Braden Perkins was born in New Orleans and grew up in Boston. Braden worked for four years with celebrity chef Tom Douglas in Seattle.
In 2011 Braden and his partner, Laura Adrian, opened their first restaurant, Verjus, beside the Palais Royal in the center of Paris, France.
In 2015 the duo opened their second restaurant just down the street from the first. In 2020 they purchased a farm just outside Paris and will begin construction on a restaurant at the farm in the spring of 2021.
Braden has been featured on “The Barefoot Contessa” with Ina Garten, as well as in the “New York Times,” “The Wall Street Journal,” “Bon Appétit,” “Saveur,” “Food and Wine,” Travel and Leisure,” “Afar,” Goop,” “Milk Street” and other publications.
Laura Adrian is the daughter of islanders Jane and Joe Adrian. Braden and Laura are on the island for a time, and graciously are allowing us to publish some of their recipes.
BY BRADEN PERKINS – Our flight from Paris was scheduled to land in Stockholm at 2:45 p.m. From the air, the landing strip below looked like a black tie on a white dress shirt of a snow-covered airport and surrounding fields. By the time we landed and taxied to the terminal it was 3 in the afternoon. The sky was pitch black, the moon and stars glowed above.
We were in Stockholm as the lucky guests of Ture Tufvesson and his wife Donna, friends from NYC that own the restaurant Serafina in East Hampton. Every winter, Ture and Donna return to his native Sweden to host a Christmas buffet with fifty friends and family at the restaurant Ulla Winblath in the Djurgorden neighborhood of Stockholm. Laura and I were two out of the six American’s who had been invited that year.
For the uninitiated, like we were, Christmas buffet in Sweden is sort of the best of American Thanksgiving and Christmas feasts served at the same time. The buffet starts with several hours of a gregarious MC telling stories, playing music, and regaling the crowd in rounds of Swedish folk songs. After each story, musical interlude or folk song, you hold up a shot glass, shout “skoal”, and drink a shot of licorice flavored aquavit. The restaurant’s servers race around the room with aquavit bottles to quickly refill shot glasses before the next story or interlude ends.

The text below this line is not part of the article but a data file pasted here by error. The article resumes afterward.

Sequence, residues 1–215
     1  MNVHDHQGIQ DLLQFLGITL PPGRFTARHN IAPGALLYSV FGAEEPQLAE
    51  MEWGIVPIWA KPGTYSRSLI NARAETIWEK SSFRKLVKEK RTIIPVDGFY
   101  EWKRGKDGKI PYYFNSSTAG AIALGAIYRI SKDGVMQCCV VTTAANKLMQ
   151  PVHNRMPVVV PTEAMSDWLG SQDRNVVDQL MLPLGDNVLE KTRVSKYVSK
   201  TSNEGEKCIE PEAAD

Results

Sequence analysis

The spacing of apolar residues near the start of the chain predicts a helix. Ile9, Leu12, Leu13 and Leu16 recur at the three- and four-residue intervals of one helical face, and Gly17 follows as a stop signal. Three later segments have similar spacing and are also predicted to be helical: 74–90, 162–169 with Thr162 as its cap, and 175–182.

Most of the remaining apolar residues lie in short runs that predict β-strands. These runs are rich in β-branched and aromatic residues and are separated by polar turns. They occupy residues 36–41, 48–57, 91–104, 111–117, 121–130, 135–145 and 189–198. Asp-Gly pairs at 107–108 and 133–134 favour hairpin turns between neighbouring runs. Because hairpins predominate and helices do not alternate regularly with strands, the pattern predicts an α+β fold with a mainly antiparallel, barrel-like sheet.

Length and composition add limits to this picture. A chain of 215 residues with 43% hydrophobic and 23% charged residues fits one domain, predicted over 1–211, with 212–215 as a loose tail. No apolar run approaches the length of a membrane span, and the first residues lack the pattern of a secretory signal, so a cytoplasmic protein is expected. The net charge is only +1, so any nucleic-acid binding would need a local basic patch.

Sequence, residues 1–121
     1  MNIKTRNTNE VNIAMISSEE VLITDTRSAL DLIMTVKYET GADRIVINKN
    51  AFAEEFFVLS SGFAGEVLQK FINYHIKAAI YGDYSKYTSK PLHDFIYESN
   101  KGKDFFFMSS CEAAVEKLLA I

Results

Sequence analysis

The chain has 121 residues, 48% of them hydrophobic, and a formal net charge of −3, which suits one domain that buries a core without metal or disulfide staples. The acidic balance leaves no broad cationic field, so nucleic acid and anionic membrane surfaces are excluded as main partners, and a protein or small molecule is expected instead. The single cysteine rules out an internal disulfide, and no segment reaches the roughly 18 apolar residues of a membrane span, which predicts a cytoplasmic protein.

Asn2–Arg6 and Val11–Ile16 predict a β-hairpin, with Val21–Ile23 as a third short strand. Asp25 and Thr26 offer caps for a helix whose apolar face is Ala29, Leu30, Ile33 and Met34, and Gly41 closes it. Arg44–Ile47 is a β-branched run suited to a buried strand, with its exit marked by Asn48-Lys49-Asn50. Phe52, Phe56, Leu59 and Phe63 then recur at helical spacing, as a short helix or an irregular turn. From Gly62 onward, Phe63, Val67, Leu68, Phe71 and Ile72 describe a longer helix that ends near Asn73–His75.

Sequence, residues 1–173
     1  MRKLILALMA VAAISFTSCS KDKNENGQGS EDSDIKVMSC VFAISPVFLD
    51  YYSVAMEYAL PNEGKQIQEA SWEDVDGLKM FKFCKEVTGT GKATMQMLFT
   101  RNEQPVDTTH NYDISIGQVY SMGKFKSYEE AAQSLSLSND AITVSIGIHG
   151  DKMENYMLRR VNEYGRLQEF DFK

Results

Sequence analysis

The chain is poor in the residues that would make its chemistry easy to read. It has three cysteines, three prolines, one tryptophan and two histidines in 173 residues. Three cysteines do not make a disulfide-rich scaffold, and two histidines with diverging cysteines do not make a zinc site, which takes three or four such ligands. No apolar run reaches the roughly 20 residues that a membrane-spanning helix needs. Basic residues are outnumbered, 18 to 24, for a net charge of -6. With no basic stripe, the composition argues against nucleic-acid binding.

Once your liver is adequately pickled with booze, the meal begins. The Swedish tradition of Christmas buffet, whose origins trace back to 1500, is to eat this epic feast over several hours, in five rounds. The first round is always herring and cheese, then cured salmon and trout, poached shrimps and crawfish as well as a variety of fish paté. The third round is charcuterie, hams and pickles, followed by a round of cooked meat and fish, vegetables and, of course, meatballs. The final round is a never-ending supply of cakes, fruits, jams and anise-flavored cookies.
Typically the cured salmon, or gravlax, that is served at a Christmas buffet is cured over several days. The resulting fish has had most of it’s moisture extracted and therefore can be preserved over longer periods than fresh salmon. My version is a quick-cure and allows the freshness of the salmon to still come through for warmer seasons. A quick-cure is also more versatile as you can slice and serve the fish semi-raw as you would for gravlax, or you could cook the fish whole in a pan with butter and serve with some roast potatoes, pickled vegetables or a mixed green salad.
This is a very basic quick-cure. You can alternate the herbs and seasonings in the cure with almost anything. Diced jalapeño, grated beet, lime zest, nasturtium leaves, grated horseradish, even grated Parmesan cheese all work well. We got our salmon from Boca Grande resident Pat Ryan who caught his in British Columbia. Very good salmon can also be found at the Island Seafood Market truck or Hudson’s grocery store.
1 lb whole filet of sushi grade salmon 1/2 lb fine salt
1/2 lb granulated sugar
1 tsp ground pepper
1 tsp chili flake
1 bunch of chopped dill (leaves and stems) Zest of 1 lemon
1. Remove skin from salmon by running a knife along the skin side of the filet.
2. Mix salt, sugar, pepper, chili flake, dill and lemon zest in a bowl.
3. Pour 1/3 of the salt mixture onto a platter or small cookie sheet.
4. Place the salmon filet on the salt mixture.
5. Cover the salmon filet with the remaining 2/3 of salt mixture.
6. Cover the platter or cookie sheet with a piece of plastic wrap.
7. Place platter or cookie sheet in the fridge for 24 hours.
8. Rinse salt mixture from salmon filet and pat dry with a kitchen towel.
9. Slice as thick or thin as you like and serve.